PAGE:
TheCityUK’s UK Legal Services 2016 report, released today, shows continued financial growth for UK-based legal services firms, with gross fees up 1.3% to a record £30.9bn in 2014/15 – the fifth successive year of growth against a backdrop of significant structural reform.
The sector’s trade surplus has nearly doubled over the past decade to £3.4bn in 2015, while the sector’s contribution to the UK economy increased to a record £25.7bn in 2015 (1.6% of GDP).
According to TheCityUK estimates, the UK accounts for around 10% of the global market for legal services, second only to the US. It is also the largest market in Europe, accounting for around a fifth of its legal services fee revenue.
The UK is the world’s most international market for legal services and the virtually unrestricted access it offers foreign firms has seen over 200 foreign law firms from around 40 jurisdictions establish offices here, as well as the main base of operations of two of the four largest international law firms, based on headcount. The UK is also the leading international centre for dispute resolution – some 70% of claims in the Admiralty and Commercial Courts in H1 2016 were international in nature. In addition, over 22,000 commercial and civil disputes were resolved through arbitration, mediation and adjudication in the UK in 2015.
Chris Cummings, Chief Executive, TheCityUK, said,
The UK is the leading global centre for the provision of international legal services and dispute resolution, employing over 314,000 people and bringing significant benefits to the wider economy. Securing this position should be a priority for the forthcoming Brexit negotiations. This means maintaining the strongest possible trading links with the EU and beyond and ensuring the UK remains a globally attractive place in which and from which to do business.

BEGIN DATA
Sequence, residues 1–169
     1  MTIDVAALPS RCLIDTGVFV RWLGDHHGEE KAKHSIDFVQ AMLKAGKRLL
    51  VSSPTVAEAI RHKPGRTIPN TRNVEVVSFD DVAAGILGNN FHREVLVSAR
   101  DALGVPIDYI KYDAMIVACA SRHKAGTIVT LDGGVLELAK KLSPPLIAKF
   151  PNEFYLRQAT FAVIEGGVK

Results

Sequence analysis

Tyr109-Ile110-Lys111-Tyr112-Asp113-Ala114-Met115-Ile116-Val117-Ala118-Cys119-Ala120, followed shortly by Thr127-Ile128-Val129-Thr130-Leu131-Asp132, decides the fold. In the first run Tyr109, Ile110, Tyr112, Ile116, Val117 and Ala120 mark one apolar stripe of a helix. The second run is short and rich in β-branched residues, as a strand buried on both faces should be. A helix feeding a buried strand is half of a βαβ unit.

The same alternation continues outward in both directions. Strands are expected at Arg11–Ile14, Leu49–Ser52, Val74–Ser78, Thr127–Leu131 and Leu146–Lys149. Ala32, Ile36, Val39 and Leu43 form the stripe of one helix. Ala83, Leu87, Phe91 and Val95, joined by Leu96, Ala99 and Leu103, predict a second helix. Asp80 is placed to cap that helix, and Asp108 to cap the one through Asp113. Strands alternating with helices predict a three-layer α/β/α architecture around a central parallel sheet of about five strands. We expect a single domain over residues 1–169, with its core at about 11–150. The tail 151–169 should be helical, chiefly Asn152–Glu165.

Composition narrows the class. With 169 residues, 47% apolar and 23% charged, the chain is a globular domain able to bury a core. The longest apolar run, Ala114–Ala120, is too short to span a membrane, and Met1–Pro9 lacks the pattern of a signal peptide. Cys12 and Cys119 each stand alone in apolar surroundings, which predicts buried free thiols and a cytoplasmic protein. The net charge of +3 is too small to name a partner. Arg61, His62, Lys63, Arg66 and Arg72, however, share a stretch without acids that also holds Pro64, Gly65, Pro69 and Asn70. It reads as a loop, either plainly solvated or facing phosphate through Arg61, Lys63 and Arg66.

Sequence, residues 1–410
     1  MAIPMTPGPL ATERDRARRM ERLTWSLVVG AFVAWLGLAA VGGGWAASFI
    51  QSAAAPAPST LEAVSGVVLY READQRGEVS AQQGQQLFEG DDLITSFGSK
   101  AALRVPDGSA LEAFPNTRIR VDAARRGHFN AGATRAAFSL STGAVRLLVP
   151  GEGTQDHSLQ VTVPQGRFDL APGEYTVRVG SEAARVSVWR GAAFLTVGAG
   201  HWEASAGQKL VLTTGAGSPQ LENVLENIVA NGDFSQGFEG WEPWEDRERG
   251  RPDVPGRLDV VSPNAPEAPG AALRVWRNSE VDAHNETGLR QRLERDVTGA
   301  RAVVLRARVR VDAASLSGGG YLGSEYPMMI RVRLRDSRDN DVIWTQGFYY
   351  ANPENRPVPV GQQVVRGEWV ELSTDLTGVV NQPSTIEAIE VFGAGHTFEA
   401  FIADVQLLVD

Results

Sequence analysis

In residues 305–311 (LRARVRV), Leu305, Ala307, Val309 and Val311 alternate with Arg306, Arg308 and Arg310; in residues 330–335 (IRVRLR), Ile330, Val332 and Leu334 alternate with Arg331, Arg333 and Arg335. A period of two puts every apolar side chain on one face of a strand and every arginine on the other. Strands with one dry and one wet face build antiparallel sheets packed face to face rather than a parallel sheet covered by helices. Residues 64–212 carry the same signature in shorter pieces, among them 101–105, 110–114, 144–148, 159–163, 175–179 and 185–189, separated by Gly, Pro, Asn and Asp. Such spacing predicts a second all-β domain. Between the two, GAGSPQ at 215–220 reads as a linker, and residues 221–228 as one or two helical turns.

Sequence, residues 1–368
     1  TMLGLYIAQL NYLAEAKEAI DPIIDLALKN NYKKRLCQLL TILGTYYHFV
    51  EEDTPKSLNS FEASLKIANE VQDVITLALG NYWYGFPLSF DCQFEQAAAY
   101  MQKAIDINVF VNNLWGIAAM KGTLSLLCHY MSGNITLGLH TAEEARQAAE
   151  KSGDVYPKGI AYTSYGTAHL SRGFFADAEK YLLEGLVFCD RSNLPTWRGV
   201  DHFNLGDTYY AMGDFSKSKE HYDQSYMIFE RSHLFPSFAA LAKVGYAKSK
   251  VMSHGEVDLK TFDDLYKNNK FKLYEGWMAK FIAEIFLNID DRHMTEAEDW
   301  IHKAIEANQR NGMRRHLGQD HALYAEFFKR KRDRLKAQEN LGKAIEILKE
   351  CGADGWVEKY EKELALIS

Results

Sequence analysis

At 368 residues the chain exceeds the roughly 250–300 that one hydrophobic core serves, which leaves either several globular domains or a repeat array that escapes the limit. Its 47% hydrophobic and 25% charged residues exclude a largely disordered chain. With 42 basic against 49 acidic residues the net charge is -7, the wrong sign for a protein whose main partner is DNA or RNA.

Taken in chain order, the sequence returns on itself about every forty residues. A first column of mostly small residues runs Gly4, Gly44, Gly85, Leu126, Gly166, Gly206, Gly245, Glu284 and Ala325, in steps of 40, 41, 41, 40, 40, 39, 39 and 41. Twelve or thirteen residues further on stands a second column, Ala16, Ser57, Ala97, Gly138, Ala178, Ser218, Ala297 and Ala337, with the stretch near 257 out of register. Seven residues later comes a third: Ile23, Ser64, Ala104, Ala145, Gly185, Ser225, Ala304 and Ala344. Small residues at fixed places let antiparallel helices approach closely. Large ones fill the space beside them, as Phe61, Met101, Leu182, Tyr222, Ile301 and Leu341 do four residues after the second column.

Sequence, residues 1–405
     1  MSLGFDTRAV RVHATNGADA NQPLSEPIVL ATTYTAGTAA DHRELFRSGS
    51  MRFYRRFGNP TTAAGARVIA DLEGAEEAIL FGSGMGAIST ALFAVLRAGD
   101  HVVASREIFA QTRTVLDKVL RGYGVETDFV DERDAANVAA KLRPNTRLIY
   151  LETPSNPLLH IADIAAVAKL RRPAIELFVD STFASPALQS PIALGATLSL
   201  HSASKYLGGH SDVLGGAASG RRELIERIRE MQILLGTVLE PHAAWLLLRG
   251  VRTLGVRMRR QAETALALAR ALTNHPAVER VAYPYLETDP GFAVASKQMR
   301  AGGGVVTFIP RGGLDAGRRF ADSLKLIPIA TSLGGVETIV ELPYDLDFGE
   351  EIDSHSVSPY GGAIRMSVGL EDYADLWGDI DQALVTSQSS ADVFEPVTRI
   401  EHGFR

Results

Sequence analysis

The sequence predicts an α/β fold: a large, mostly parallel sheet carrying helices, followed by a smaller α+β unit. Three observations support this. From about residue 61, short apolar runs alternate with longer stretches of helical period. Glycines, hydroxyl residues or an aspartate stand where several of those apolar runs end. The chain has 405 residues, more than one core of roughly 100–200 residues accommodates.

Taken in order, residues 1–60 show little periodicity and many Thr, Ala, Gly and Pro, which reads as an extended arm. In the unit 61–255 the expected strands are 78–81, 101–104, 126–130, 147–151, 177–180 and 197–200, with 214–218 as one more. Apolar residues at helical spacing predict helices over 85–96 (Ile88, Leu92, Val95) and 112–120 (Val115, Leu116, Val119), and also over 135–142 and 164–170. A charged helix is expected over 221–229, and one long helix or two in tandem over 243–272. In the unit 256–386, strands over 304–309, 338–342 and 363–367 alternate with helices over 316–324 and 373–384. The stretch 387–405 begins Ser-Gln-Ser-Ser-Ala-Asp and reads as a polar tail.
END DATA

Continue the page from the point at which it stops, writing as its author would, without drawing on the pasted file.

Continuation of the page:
Other areas for attention should also include focusing on innovation and infrastructure investment to reduce the cost and improve the speed of litigation in the UK, ramping up efforts to export UK legal and regulatory standards to emerging markets and continuing to remove overseas barriers to trade in legal services.
The report highlights the significant restructuring across the industry over recent years, with newer entrants to the market – including the major accountancy firms, innovative smaller law practices, contract and on-demand lawyers and due diligence specialists – increasingly competing for traditional law firms’ business. In 2014/15, mid-tier and niche firms continued their robust performance for the third year running, with firms ranking 25-50 by revenue seeing a 6% increase, and those in the top 25 seeing a slight decline.
Mr Cummings concluded,
These changes are accelerating the need for law firms to innovate and reconsider their offering and potential client base. We’re also seeing an increasing number of large firms choosing to locate operations in cities across the UK to take advantage of the skilled workforce and lower labour costs. These trends are important to support and, alongside ensuring a good deal for UK financial and related professional services in the EU negotiations, will ensure that the UK continues to be seen as a genuinely competitive and world leading place to do business.